The Carolina Hurricanes edge the Edmonton Oilers in Game 7 of a stirring NHL championship, both clubs fully deserving of the accolades they receive for their spring runs.
Imagine their reaction had someone told them that very night in Raleigh how things would stand less than nine months later. The Oilers pretty much out of it in the West, the Hurricanes desperately clinging to the eighth and final playoff spot in the East with 14 nailbiting games to go.
“For you to tell me that night that we would have been in a battle with our conference to win hockey games and make the playoffs, I don’t think it would have dropped me,” Hurricanes head coach Peter Laviolette insisted Tuesday. “It would not have dropped my jaw.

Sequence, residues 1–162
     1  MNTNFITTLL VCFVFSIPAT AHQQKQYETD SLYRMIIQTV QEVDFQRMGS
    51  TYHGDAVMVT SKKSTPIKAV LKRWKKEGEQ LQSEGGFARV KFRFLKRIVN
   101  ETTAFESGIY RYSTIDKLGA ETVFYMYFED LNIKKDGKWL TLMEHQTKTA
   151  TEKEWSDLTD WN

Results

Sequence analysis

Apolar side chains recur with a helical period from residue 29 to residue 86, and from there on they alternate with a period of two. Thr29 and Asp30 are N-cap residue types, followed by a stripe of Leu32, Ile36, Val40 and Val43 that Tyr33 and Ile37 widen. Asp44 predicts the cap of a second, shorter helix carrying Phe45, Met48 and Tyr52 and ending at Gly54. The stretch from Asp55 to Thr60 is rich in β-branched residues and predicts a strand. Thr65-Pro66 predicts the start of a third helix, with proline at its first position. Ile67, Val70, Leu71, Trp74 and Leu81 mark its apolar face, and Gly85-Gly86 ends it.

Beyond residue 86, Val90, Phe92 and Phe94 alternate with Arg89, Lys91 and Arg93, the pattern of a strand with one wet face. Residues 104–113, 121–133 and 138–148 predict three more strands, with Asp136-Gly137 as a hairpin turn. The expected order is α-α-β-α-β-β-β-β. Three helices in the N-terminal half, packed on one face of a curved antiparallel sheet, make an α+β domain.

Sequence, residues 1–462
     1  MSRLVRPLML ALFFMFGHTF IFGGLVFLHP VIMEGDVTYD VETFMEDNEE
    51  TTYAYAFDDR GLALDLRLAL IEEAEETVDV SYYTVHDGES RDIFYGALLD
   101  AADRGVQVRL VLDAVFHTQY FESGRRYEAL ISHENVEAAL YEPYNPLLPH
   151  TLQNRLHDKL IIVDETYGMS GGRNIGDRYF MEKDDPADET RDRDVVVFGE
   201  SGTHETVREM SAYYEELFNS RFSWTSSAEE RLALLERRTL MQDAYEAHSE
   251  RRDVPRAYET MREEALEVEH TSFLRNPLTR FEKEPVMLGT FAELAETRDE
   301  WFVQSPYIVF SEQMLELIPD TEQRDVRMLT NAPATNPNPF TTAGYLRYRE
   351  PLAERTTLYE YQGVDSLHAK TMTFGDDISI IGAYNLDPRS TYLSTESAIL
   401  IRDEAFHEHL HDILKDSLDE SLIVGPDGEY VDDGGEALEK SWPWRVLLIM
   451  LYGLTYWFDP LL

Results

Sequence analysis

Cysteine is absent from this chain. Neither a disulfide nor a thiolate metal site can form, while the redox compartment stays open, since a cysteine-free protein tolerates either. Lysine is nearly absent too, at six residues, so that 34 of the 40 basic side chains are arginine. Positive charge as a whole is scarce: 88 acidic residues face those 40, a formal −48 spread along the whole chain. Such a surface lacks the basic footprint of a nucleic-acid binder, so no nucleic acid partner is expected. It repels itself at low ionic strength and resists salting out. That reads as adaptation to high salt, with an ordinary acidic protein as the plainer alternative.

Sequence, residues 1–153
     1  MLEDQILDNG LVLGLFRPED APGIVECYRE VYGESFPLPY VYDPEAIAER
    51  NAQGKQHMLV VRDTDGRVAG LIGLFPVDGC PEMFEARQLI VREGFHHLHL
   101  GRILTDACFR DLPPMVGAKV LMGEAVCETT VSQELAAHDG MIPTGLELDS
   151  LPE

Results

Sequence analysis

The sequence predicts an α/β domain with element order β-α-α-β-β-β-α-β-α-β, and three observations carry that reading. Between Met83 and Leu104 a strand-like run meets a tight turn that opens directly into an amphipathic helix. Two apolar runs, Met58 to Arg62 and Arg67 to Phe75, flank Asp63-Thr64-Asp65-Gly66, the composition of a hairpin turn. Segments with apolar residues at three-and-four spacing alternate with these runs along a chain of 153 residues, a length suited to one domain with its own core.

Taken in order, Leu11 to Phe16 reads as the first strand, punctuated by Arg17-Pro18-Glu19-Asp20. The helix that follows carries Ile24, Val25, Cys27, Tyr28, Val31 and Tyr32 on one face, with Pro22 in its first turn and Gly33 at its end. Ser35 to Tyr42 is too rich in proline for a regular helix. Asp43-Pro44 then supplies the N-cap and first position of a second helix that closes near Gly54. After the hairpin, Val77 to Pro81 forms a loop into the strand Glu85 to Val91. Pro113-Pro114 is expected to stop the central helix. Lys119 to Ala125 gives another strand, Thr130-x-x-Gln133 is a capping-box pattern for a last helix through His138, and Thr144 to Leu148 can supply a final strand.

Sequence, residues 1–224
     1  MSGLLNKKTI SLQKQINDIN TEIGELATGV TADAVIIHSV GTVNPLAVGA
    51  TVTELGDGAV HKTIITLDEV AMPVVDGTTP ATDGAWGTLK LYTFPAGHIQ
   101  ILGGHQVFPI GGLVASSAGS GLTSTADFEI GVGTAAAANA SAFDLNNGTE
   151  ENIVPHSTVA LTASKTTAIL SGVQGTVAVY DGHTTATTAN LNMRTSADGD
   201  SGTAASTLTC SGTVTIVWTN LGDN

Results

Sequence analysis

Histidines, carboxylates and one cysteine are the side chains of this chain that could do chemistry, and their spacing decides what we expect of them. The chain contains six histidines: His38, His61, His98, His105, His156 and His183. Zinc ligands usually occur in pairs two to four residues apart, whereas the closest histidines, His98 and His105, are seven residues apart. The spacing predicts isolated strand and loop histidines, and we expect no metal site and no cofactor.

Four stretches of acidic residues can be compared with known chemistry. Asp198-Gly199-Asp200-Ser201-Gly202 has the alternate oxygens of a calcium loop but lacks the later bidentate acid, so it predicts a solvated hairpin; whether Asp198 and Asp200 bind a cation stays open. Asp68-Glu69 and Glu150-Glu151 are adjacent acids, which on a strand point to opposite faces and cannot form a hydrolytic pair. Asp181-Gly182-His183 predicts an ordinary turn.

“I would have just thought that we have to keep on fighting, because there is a lot of parity in the league.”
Ah yes, the p-word. There’s no denying the NHL is enjoying more parity than ever.
For as much as the Western Conference-leading Nashville Predators improved their odds by acquiring Peter Forsberg, it wouldn’t be a shock to anyone to see them knocked out in the first round by an eighth seed like Minnesota or Calgary.
The flip side of such parity, however, is what has happened to last spring’s Stanley Cup finalists. On top of the world one minute, down to earth in a hurry the next.
Never in NHL history have both Stanley Cup finalists missed the playoffs the following year. It could happen this spring.
“Everything is so close,” Oilers head coach Craig MacTavish said Tuesday. “There’s great opportunity but there’s also great vulnerability and both our teams are poster examples of that.”
MacTavish points to last spring’s conference finals – Buffalo versus Carolina and Edmonton against Anaheim.
“They were all non-playoff teams the year before,” said MacTavish. “It speaks to the parity of the league. You hate to be on this side of it, but on the other side there’s the fact that there’s tremendous opportunity to turn things around in a hurry.